Maybe it is not that big a deal, and maybe you are wondering what's the point. Good point. I can't say I disagree. However, when you are being forced to think philosophically, it is certainly an interesting thing to think about. And I was forced, so I did. By the way, if you want to read my 5000 words of philosophical whatnot about this, feel free to read my paper on the subject... you can check it out here.....

I just hope I get a decent grade.

Monday, March 17, 2008

Amazing Savior, Amazing Grace

Our Lord and Savior Jesus Christ said and did some pretty amazing things. Even his death was amazing. Nothing however, can compare to the Amazing Grace that resulted from his actions on the cross. With Easter approaching fast, we should probably take a few moments to stop and think about how amazing he really was. Rather than take him for granted, which we all do from time to time, we should fall down and worship him for his awesomeness. In this week's sermon, we remind ourselves just how amazing Jesus was, and maybe our response will be the same as the Centurian who presided over his crucifixion... Surely, this man was the Son of God. To hear the sermon, click the link below.

Surely This Man:

Monday, March 10, 2008

The Narrow Road Home

During his Sermon on the Mount, Jesus said many shocking and interesting things. One of them that I have contemplated a great deal lately is found in Matthew 7:13-14.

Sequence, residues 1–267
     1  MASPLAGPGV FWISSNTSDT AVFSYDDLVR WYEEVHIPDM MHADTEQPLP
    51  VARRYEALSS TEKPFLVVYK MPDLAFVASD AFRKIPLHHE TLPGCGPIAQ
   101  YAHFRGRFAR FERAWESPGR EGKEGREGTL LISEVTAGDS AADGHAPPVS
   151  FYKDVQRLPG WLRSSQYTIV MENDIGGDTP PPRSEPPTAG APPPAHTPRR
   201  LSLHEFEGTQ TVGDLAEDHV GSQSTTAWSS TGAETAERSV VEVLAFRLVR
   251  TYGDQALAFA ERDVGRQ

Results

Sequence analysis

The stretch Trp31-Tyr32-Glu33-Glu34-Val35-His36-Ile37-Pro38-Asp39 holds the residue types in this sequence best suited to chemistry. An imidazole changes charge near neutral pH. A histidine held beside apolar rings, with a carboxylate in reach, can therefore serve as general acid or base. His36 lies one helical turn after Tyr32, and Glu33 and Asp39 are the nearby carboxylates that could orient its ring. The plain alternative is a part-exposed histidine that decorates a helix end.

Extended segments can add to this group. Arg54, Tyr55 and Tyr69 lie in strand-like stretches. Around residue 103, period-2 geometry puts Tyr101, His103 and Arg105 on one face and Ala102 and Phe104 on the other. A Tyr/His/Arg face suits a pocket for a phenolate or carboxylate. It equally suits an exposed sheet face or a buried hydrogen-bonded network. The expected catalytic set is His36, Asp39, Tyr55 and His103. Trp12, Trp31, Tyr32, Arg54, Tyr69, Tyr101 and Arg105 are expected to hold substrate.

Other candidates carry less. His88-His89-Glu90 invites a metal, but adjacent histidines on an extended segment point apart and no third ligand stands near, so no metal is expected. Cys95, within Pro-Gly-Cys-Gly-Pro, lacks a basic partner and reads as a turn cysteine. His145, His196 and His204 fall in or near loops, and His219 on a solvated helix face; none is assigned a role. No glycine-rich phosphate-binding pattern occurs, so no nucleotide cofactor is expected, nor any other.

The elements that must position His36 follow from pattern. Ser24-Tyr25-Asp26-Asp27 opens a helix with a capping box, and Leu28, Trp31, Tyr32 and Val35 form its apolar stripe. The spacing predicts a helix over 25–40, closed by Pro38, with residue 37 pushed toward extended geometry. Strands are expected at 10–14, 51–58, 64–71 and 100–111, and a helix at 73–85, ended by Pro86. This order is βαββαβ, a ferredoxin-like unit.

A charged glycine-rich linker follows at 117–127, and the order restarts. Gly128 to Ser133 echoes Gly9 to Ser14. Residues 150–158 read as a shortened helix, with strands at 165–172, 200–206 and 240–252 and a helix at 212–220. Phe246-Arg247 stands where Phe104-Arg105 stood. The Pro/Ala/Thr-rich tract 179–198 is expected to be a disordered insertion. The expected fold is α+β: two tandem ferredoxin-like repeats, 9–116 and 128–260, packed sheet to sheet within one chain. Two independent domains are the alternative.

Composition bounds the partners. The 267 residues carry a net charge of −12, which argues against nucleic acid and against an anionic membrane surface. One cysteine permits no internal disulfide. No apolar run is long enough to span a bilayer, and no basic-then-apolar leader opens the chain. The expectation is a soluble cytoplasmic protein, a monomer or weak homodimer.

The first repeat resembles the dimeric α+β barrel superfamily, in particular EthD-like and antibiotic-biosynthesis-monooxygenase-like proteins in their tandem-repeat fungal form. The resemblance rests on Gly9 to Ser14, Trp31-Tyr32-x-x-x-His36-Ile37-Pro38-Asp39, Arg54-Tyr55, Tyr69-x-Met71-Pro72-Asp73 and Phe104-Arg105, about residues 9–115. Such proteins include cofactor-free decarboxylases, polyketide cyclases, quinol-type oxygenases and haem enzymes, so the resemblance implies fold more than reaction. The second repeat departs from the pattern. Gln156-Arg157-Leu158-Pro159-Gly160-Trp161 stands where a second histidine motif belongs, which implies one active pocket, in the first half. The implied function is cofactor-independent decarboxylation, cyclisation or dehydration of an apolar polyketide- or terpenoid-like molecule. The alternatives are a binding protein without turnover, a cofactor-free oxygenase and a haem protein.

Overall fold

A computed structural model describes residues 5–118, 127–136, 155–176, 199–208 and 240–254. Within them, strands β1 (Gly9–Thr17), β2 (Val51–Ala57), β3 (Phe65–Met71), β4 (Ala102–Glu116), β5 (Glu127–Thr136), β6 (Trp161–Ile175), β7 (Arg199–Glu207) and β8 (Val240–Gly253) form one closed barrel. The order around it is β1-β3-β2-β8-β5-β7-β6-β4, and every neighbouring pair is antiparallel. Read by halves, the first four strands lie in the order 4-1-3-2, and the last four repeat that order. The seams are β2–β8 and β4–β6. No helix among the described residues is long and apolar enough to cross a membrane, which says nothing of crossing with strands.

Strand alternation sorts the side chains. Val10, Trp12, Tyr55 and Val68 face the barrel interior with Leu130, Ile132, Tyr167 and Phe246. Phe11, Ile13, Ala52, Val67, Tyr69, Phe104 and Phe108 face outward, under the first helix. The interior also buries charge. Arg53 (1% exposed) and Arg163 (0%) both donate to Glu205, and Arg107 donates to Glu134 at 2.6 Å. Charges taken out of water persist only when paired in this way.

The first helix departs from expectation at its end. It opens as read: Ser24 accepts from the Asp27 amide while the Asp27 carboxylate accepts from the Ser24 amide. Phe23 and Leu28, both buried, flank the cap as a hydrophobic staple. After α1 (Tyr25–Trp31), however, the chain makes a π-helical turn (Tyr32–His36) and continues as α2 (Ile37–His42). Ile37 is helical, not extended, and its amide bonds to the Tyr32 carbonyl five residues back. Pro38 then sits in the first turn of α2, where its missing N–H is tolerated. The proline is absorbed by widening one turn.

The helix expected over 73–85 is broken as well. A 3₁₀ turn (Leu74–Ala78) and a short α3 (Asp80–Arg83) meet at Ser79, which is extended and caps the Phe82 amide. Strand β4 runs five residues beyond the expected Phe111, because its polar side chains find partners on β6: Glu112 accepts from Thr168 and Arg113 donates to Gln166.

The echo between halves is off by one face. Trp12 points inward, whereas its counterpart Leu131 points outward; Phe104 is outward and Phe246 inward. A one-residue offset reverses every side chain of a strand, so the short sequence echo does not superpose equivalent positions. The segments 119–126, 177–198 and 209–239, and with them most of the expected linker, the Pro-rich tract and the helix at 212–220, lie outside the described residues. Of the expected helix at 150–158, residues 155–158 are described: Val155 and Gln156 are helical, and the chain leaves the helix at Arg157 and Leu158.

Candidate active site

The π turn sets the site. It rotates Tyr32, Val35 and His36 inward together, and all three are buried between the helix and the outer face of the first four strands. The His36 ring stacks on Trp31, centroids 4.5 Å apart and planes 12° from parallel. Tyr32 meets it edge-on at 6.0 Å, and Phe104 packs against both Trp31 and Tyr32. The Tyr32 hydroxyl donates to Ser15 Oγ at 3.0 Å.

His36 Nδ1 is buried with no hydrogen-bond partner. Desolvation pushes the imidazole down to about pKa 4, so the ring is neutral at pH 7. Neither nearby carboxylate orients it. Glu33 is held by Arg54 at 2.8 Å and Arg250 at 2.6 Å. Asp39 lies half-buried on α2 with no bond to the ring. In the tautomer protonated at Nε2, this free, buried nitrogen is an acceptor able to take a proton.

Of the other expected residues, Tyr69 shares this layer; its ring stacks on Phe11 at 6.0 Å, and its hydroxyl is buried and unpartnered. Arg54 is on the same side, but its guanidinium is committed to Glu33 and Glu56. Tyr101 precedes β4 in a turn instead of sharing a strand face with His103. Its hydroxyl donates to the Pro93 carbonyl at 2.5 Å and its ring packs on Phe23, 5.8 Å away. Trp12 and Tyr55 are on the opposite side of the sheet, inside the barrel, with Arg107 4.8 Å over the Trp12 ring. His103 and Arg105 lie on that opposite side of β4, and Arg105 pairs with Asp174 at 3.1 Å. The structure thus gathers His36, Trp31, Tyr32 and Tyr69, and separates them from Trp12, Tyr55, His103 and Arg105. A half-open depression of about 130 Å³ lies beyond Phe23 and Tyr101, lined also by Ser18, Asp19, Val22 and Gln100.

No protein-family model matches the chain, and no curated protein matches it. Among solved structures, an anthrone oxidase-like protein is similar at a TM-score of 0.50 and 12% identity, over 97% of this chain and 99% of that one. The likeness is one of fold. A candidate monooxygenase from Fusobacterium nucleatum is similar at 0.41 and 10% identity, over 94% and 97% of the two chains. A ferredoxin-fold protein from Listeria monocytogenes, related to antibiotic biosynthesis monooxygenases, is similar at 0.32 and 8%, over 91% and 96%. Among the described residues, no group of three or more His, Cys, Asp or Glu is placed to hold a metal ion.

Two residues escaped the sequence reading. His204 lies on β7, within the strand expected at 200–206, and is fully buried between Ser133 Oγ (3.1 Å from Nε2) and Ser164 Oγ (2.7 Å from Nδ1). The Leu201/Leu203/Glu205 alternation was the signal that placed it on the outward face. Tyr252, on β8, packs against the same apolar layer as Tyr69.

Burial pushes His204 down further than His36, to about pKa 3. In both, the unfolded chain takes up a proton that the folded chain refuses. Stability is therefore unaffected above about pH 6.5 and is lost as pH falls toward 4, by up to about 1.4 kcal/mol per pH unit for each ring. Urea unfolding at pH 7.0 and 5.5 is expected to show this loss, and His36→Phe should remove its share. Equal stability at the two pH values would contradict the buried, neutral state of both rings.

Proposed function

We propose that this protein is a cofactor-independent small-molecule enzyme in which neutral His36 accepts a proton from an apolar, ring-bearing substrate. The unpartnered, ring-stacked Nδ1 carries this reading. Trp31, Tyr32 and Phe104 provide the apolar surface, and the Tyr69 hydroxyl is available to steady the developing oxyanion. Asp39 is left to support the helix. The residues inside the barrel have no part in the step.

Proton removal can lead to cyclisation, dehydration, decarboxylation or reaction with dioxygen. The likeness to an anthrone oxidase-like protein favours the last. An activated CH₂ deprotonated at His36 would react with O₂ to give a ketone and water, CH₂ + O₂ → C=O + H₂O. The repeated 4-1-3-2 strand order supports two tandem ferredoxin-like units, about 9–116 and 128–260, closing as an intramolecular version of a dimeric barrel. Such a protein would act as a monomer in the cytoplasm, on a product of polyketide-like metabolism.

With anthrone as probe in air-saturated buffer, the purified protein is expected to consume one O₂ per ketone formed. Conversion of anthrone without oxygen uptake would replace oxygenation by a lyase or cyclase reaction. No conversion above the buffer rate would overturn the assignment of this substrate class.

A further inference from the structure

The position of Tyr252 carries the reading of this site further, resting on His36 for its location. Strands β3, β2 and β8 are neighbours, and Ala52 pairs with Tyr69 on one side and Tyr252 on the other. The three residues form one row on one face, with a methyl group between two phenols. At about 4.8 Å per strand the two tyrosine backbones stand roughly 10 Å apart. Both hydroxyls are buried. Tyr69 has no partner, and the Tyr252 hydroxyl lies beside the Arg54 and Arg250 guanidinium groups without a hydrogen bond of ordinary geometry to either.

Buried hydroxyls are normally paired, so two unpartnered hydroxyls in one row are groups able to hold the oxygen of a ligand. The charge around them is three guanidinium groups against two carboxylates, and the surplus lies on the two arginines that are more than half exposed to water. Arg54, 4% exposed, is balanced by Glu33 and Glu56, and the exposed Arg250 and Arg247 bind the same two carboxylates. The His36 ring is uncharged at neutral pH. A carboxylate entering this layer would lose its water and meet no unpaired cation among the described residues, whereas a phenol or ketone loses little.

Enter through the narrow gate. For wide is the gate and broad is the road that leads to destruction, and many enter through it. But small is the gate and narrow the road that leads to life, and only a few find it. (NIV)

Lately, it seems to me as if the narrow road is getting narrower and narrower. I’m feeling my sinfulness more and more. Don’t get me wrong. I know it sounds like I’m saying the walls are closing in around me – but I don’t think that is the way it really is. In fact, it’s not like that at all. I’m not suggesting that I am feeling enslaved in any way by my sinfulness. I’m just more aware of it. That greater awareness make me want to live a life that is purer and more perfected by the Holy Spirit and less controlled by my sinful nature. In that sense, the road (which is really no more or less narrow than it has ever been) “seems” narrower than it has in times past. I am less tolerant of my own imperfections than I have been. I guess when you think about sanctification, that kind of thinking is to be expected. In his “Outlines of Theology”, A.A. Hodge says the following: